Congress last week approved yet another short-term bandaid to keep the Highway Trust Fund solvent. In case you haven't noticed, the nation's roads and bridges are kind of a hot mess. Congress is actively making the problem worse by failing to pass longer-term funding bills that would let states adequately budget out their highway spending.
American drivers ultimately bear the cost of congressional inaction, as poorly-maintained infrastructure puts greater wear and tear on vehicles and contributes to hundreds of dollars per driver per year in increased car maintenance costs. You can get a sense of what the view from the road looks like by poring over data from Waze, a navigation app that allows its millions of users to submit reports of potholes, construction, traffic jams, and other roadway hazards.
Simon Rogers of Google's News Lab took two years of Waze's road alert data and mapped it at the state level (Google acquired Waze in 2013). Check out an interactive version of it here -- you can click on your state to see how many Waze users are reporting various road hazards. I'll pull out a few of the interesting ones below.
4.6 percent of all Waze alerts are for accidents in Idaho, making that state the nation's #1 accident-prone, according to Waze users. Now, I have to dispute this because I've long maintained that Maryland's drivers are the worse and most accident-prone, and I've got some data to back me up. But Maryland comes in at #41 in Waze's accident rankings. I suspect it's because Maryland drivers are so busy getting into accidents that they don't have time to report them.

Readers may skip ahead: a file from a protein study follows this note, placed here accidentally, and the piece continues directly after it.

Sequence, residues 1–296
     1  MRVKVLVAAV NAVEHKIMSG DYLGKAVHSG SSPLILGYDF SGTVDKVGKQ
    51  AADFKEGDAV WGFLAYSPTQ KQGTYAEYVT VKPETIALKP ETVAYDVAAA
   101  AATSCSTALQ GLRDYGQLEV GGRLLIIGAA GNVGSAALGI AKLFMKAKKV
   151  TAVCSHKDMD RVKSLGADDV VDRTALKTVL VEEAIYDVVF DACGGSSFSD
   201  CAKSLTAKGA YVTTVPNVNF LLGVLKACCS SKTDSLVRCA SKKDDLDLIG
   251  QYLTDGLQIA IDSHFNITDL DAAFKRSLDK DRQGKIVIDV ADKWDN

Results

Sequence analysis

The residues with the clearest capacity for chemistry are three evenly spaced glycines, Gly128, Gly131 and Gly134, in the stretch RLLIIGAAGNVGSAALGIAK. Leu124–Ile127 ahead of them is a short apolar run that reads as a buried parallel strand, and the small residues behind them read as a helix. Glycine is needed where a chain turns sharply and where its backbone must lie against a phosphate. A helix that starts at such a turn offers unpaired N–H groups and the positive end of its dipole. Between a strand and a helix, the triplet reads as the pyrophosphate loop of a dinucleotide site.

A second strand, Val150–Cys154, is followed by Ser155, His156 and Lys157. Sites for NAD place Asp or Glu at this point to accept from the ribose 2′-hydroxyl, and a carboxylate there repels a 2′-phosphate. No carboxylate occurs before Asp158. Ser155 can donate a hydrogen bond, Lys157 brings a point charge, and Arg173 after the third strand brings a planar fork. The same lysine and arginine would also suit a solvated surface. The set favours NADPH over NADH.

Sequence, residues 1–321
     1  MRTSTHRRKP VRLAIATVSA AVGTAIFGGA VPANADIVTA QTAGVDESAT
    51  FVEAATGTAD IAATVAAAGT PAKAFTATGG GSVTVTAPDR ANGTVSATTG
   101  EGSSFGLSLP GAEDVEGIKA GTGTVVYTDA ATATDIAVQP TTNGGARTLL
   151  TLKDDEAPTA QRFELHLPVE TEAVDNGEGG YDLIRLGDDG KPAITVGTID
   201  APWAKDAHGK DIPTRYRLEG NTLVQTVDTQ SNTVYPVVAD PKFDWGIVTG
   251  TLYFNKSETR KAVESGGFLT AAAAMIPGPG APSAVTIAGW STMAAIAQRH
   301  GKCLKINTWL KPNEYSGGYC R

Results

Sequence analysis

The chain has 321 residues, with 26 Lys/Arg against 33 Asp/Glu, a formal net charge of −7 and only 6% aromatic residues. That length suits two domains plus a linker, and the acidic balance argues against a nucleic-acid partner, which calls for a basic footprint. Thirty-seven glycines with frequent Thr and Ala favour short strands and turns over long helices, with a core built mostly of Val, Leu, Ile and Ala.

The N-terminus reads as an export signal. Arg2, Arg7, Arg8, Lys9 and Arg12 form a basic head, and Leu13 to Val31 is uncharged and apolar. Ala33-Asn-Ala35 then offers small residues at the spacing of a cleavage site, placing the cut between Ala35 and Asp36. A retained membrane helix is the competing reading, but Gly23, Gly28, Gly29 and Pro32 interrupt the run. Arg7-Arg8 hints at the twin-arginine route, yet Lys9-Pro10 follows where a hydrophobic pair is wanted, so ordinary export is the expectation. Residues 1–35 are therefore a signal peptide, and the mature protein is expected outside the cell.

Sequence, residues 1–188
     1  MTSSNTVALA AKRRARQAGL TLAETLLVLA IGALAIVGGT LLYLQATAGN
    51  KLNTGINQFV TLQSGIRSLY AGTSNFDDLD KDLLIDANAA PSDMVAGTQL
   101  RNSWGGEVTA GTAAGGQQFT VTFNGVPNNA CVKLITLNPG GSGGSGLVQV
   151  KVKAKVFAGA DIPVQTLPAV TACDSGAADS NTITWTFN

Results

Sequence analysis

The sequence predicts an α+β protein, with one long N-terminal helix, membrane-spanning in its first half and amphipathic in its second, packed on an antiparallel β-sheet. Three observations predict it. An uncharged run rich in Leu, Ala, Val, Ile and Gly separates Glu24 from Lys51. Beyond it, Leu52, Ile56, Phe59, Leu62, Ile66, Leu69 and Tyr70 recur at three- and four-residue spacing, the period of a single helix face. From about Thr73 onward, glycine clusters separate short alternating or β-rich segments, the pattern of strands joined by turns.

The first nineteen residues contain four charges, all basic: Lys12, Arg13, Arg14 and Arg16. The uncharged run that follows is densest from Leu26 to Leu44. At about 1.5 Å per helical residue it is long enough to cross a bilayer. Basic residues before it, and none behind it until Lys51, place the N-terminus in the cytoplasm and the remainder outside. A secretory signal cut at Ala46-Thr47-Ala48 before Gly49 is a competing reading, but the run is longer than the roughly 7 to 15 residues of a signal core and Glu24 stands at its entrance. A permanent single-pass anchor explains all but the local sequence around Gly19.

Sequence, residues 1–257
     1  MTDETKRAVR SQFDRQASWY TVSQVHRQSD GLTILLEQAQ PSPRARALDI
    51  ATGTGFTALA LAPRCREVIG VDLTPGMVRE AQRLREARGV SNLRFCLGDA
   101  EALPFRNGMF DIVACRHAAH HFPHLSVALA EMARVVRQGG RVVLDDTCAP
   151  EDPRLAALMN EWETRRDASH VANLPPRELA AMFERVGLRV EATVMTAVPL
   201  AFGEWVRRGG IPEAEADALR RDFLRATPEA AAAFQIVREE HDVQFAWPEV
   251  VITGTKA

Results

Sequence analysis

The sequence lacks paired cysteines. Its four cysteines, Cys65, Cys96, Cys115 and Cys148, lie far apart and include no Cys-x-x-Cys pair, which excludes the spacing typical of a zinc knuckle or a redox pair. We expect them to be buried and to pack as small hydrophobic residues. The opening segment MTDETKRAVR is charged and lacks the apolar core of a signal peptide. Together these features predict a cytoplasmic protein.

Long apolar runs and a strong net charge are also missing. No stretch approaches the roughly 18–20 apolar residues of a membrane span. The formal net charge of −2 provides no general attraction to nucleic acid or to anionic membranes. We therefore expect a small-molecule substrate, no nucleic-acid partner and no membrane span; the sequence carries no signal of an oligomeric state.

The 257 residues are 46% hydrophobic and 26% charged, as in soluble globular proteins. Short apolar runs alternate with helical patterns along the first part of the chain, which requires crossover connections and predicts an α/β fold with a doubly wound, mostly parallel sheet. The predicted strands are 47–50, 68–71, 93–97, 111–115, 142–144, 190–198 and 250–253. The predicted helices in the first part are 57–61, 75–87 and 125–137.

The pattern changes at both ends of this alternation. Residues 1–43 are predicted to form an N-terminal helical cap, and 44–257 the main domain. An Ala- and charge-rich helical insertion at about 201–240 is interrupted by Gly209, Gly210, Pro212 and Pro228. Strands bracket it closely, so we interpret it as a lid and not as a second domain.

Where are Waze users reporting the most hazards? Wyoming, where 68 percent of Waze alerts are for some type of hazard on the road -- construction, animals, potholes, etc. The country roads of West Virginia come in at #2. New York drivers are the least likely to report road hazards.
Okay, I'm going to quibble with this one too. Waze reports that Vermont drivers are the most likely to file construction alerts, with 23 percent of all hazard reports being for roadwork. But have you had the misfortune of driving through Pennsylvania at any point in your life? I'm convinced that the perpetual roadwork on I-81 contributes something like 67 percent of the state's total economic activity. But I could be wrong, I guess.
Congrats, D.C.! You are the potholiest (non-)state in the Union, according to Waze drivers. Now of course D.C. is a city, not a state, so this comparison is slightly unfair. Among real states, Hawaii drivers are the most likely to complain about potholes, which makes me LOL -- do Hawaii drivers even know what potholes look like? Hawaii aside, northeastern drivers are generally more likely to report potholes than drivers elsewhere.
Cherish this one, kids -- it's one of the few state-level roadkill maps in existence. South Dakota is the nation's leading producer of roadkill, according to Waze drivers. Some states have laws on the books allowing drivers to harvest roadkill for food or fur.